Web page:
Turmeric is known by its botanical name, Curcuma longa. Growing to more than 3 feet in height it’s both a flowering plant and a rhizome, or the roots. The wonders and benefits of turmeric and its phenols, the bright yellows that comprise curcumin have considerably impacted the health of many individuals. Not only as a number one healing herb but also as an alternative medicine. With uses in Hinduism, Buddhism, Chinese medicine, even Hawaiian shamans use turmeric in their religious and medicinal practices.
The many uses of turmeric were initially discovered more than 5000 years ago by people in India. A member of the ginger family it’s used as a natural Ayurvedic medicine because of its many original anti-inflammatory and healing properties.
Turmeric is the Golden Spice
Ayurveda comes from the ancient Indian system which means “Ayur” life and “Veda” as science or knowledge. The healing effects of the Golden spice then reach China by 700 A.D. and continued to East and West Africa from 800 and 1280 respectively. Turmeric is sacred and vital in Hindu religion as it is used for weddings, fertility treatments as well as a dried amulet for personal protection. In Buddhism Turmeric is linked to luck, fertility, and sunshine.
A Member of the Ginger Family
Turmeric or Curcuma longa is a member of the ginger family of plants. The main component and primary source of curcuminoids are the roots or rhizomes. Grown throughout India, the plants are now grown worldwide and concentrated in the tropics as they require lots of water for cultivation.
Turmeric and Curcumin
Curcumin, the curcuminoid component, has many traditional medicinal uses and is a primary anti-inflammatory compound. In classical and Eastern medicines curcumin was given for arthritis. Arthritis is a byproduct of inflammatory cytokines and enzymes, including the enzyme cyclooxygenase-2. You may recognize this enzyme by its other name Cox2, and of course, Cox2 inhibiting drugs are big sellers at major pharmaceutical companies.
Since you are on our blog that is just for information – and is not for medical advice. If you’re interested in looking for them. There are clinical studies that are small but have shown a better response in adults using curcumin for pain relief of arthritis and arthritis-related symptoms. And while we’re on the subject of non-medical advice.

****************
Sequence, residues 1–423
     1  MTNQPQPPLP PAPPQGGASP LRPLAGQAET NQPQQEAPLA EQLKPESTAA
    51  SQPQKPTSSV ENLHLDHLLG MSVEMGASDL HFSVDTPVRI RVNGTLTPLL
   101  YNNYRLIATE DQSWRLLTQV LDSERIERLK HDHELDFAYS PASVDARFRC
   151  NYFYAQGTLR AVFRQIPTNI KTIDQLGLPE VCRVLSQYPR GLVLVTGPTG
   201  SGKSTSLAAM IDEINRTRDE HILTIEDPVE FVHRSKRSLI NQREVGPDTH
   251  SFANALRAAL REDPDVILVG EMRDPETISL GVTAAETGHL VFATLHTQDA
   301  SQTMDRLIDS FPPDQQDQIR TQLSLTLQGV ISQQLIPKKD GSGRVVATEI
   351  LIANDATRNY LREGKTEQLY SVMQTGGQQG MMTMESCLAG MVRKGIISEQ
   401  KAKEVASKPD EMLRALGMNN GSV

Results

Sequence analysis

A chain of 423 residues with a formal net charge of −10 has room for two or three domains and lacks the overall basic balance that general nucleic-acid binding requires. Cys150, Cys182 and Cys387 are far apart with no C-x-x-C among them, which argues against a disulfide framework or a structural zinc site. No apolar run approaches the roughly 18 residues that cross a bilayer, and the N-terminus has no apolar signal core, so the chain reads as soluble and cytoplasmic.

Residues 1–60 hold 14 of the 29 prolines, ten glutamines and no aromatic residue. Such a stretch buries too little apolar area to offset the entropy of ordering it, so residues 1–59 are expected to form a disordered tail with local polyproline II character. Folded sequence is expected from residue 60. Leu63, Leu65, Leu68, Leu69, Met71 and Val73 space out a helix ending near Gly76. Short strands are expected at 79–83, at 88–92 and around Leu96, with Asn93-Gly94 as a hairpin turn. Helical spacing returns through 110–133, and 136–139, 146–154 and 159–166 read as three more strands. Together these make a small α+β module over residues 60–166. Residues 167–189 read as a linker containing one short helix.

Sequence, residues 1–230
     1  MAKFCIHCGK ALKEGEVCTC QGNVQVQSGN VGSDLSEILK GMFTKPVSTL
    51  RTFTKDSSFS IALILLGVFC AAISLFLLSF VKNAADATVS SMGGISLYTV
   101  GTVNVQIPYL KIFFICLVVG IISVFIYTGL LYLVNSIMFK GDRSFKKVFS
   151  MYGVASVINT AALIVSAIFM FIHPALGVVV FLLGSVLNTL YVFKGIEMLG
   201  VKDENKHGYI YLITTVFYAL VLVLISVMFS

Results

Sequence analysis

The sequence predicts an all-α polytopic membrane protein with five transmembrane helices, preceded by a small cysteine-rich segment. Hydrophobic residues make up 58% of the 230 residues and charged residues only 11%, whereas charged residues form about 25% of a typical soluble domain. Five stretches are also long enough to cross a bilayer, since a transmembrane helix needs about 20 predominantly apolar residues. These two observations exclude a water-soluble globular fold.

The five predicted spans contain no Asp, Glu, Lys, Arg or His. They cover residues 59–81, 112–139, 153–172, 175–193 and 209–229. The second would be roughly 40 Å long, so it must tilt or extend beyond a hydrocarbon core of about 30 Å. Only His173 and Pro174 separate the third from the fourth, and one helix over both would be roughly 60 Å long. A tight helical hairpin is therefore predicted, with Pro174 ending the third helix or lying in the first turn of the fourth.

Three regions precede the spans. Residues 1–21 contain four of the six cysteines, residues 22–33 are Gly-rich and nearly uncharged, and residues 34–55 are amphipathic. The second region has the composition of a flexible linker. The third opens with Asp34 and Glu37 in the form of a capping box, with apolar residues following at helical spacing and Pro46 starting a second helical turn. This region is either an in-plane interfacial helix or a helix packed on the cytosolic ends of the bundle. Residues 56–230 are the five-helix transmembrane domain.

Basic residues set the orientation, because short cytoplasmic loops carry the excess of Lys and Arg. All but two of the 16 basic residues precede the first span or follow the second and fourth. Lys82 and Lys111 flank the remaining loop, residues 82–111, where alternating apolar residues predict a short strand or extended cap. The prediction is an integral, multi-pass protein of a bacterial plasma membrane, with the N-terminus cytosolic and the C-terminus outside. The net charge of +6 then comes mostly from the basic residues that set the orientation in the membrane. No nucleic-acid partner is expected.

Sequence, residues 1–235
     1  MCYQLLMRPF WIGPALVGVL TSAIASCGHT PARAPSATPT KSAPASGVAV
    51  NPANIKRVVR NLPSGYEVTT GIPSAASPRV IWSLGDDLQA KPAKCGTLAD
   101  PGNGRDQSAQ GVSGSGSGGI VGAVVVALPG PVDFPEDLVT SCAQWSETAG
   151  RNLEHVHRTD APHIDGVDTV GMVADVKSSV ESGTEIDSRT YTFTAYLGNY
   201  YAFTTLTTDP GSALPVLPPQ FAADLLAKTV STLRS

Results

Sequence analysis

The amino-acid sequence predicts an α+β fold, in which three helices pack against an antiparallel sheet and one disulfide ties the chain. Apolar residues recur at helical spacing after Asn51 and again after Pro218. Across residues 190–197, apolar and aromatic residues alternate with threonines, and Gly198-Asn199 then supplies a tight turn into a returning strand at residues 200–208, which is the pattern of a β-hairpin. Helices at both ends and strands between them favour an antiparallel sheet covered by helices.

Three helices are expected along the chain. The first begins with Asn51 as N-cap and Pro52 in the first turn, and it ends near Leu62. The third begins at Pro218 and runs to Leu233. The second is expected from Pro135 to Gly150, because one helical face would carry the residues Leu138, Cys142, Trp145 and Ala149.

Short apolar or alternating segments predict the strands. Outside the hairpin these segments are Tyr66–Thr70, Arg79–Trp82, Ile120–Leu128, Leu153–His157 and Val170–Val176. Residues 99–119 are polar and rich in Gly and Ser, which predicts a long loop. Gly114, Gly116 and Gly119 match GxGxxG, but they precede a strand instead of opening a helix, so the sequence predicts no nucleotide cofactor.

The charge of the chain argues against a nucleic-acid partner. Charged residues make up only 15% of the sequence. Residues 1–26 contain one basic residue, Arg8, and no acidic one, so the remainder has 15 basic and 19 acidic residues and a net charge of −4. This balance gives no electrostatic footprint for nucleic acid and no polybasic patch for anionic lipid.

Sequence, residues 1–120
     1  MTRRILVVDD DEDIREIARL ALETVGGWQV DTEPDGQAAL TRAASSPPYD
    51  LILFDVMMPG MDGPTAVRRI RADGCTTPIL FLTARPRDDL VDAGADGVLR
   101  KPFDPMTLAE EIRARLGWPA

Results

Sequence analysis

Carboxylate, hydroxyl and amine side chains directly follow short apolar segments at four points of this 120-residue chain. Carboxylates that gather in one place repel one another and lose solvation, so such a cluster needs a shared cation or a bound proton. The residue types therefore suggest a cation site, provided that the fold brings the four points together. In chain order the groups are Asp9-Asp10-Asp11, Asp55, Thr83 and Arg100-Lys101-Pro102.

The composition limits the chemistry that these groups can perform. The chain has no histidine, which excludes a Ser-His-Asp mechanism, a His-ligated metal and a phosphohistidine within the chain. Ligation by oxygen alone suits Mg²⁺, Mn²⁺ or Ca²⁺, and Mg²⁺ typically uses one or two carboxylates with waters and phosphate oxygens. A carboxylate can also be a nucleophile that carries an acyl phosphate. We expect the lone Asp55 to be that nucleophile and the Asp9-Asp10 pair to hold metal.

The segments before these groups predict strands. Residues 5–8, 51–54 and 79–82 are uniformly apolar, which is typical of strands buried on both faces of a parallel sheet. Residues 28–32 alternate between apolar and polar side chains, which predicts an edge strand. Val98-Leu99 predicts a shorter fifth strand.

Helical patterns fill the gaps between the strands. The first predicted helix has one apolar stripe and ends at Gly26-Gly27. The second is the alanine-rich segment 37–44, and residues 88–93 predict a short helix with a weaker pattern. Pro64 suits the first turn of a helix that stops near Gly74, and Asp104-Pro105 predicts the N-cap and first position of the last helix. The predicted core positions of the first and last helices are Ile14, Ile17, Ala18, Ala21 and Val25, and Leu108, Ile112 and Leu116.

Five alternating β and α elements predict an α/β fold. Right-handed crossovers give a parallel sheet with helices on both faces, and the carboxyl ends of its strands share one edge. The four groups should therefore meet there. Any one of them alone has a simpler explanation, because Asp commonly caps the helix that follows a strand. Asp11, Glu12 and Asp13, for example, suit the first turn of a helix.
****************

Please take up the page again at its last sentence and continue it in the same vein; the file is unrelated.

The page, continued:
Turmeric and Turmerone
So far scientists have just been looking at curcumin. Plants and roots are complicated structures, and there are many relationships between compounds that we don’t fully understand currently. There’s always a place for the addition of a single ingredient, especially as it relates to a complicated personal, medical, or pharmacy situation.
We can’t emphasize this enough. Always ask your doctor or pharmacist before you start taking any supplements if you are taking prescribed medication.
As more is being discovered about whole plants and whole food supplements, there are other relationships between compounds and antioxidants, that may have further benefits. One of these recent discoveries is a compound called AR-Tumerone. This is a bio-active component of the turmeric rhizome. In a German study (on rats) using stem cells (and brains) they were able to show some very significant growth of neural stem cells. Basically, they re-grew brains at a very rapid rate. Don’t try this at home!
Is a Turmeric Supplement Worth It?
In our opinion yes. There is evidence out there for improved inflammation responses. And most of us are eating way too much sugar every day. Sugar is a significant cause of inflammation (more on this later).
Where possible look for an organic and or the whole food turmeric version. Unfortunately, there are some imposters out there who may be adding lead to bulk turmeric stocks.
So, if you see any turmeric that looks reddish, instead of a golden yellow, throw it in the trash. Unless you are taking a combined supplement with turmeric and other compounds – it may a sign of unwanted additives.
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